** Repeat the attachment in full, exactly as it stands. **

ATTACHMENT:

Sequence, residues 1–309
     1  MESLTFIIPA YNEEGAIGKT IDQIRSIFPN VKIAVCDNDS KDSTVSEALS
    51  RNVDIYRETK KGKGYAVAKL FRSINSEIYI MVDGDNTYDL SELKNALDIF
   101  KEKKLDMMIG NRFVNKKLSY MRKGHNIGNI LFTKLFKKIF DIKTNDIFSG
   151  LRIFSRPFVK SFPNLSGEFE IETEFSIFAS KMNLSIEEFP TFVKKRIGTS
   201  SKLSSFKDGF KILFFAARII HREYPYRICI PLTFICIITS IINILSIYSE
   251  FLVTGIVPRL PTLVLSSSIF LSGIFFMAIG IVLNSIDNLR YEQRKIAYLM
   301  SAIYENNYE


Sequence, residues 1–309
     1  MESLTFIIPA YNEEGAIGKT IDQIRSIFPN VKIAVCDNDS KDSTVSEALS
    51  RNVDIYRETK KGKGYAVAKL FRSINSEIYI MVDGDNTYDL SELKNALDIF
   101  KEKKLDMMIG NRFVNKKLSY MRKGHNIGNI LFTKLFKKIF DIKTNDIFSG
   151  LRIFSRPFVK SFPNLSGEFE IETEFSIFAS KMNLSIEEFP TFVKKRIGTS
   201  SKLSSFKDGF KILFFAARII HREYPYRICI PLTFICIITS IINILSIYSE
   251  FLVTGIVPRL PTLVLSSSIF LSGIFFMAIG IVLNSIDNLR YEQRKIAYLM
   301  SAIYENNYE